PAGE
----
8

Between the GRI and GSI lies the Intermediate Stacking Area (ISA) where import

containers will be placed once booked by road or rail carriers such that they can be

transferred by RMGs onto trucks or trains; see Figure 2. Containers arriving for export

by train or truck will also be stacked in this area until a suitable time for transfer to

the main container stacking yard.

The ISA layout is seven rows by 100 columns of 20’ container spaces. At each

space, it is possible to stack up to three containers high, resulting in a maximum

capacity of 2100 teu. Since the flexibility of the ISA will be reduced substantially as

the maximum ISA utilization limit is approached, it is unlikely that all 2100 spaces

can be utilized in practice.

The container movement through the ISA is done by five semi-automated rail

mounted gantry cranes. In this study we consider RMGs that share the same tracks

and cannot cross each other. Each RMG is capable of moving between 20 and 40 con-

tainers an hour. An RMG can cross travel, i. e., along ISA rows, and long travel, i. e.,

between GRI and GSI, at the same time with roughly the same speed. All RMGs can

handle both 20’ and 40’ containers. While in principle possible, twin-lift operations

of 20’ container were not considered, since we assume that each truck carries only a

single container. Rotating a container can be done while moving it. The truck load-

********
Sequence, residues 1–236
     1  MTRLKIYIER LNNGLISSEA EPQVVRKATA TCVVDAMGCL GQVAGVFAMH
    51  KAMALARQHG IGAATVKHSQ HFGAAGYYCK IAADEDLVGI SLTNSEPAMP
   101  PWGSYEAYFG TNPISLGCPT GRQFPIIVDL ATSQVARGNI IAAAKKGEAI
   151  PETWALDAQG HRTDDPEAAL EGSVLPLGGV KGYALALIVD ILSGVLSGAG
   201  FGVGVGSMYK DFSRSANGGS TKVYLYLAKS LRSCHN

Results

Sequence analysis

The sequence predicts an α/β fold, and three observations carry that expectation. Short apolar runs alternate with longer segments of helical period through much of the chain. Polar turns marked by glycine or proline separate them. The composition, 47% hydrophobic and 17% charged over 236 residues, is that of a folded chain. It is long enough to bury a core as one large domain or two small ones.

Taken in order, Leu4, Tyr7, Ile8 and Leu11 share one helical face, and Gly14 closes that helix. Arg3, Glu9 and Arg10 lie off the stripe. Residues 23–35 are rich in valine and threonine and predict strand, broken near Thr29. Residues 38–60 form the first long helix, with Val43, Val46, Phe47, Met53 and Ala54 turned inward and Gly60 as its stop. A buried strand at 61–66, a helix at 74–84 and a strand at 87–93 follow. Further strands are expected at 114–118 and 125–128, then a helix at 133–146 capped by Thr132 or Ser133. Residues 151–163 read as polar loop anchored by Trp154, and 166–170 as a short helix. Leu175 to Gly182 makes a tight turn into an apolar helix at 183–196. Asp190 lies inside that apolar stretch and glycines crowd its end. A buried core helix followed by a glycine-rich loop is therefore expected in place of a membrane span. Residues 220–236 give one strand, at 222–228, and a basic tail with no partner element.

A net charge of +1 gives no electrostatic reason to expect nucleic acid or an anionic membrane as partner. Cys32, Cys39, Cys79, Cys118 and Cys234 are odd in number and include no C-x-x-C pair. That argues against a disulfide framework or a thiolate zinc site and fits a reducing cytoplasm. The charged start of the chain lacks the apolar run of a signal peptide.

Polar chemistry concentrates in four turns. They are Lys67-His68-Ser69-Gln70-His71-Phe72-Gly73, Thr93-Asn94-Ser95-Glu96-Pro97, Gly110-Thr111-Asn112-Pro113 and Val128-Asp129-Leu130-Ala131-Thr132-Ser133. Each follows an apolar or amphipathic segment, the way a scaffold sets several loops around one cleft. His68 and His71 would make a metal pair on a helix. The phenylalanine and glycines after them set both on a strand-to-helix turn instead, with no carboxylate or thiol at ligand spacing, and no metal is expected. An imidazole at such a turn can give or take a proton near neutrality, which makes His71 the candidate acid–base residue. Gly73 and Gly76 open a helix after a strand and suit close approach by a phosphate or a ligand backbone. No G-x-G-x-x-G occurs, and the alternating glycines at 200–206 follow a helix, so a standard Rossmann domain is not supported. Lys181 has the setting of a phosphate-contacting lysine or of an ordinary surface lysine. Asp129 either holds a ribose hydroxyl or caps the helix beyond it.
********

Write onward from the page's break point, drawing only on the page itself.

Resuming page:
ing and unloading operations are semi-automated using tele-operators. Loading and

unloading operations in both the ISA and GSI are fully automated.

Some of the ISA slots have facilities to host refrigerated (reefer) containers. For

this study we did not make any special consideration for reefer or other containers

with special requirements, e. g., dangerous goods, other than guaranteeing that the

number of reefer containers in the ISA never exceeds the number of slots with power

connectors.

Patrick Corporation has identified multiple objectives for optimizing the operation of

the container exchange area; these are in decreasing importance:

I move all containers while respecting the corresponding time windows, the ISA

capacity limit, and causing no truck to wait more than fifteen minutes;

I minimize the maximum number of straddle carriers needed. This includes a maxi-

mization of pairing opportunities for straddle operations;

I balance the work load of RMGs within each hour;

I balance the total RMG load over all hourly time slots;

I minimize the total usage of RMGs.

Notice that there is a conflict between the goals of minimizing the number of needed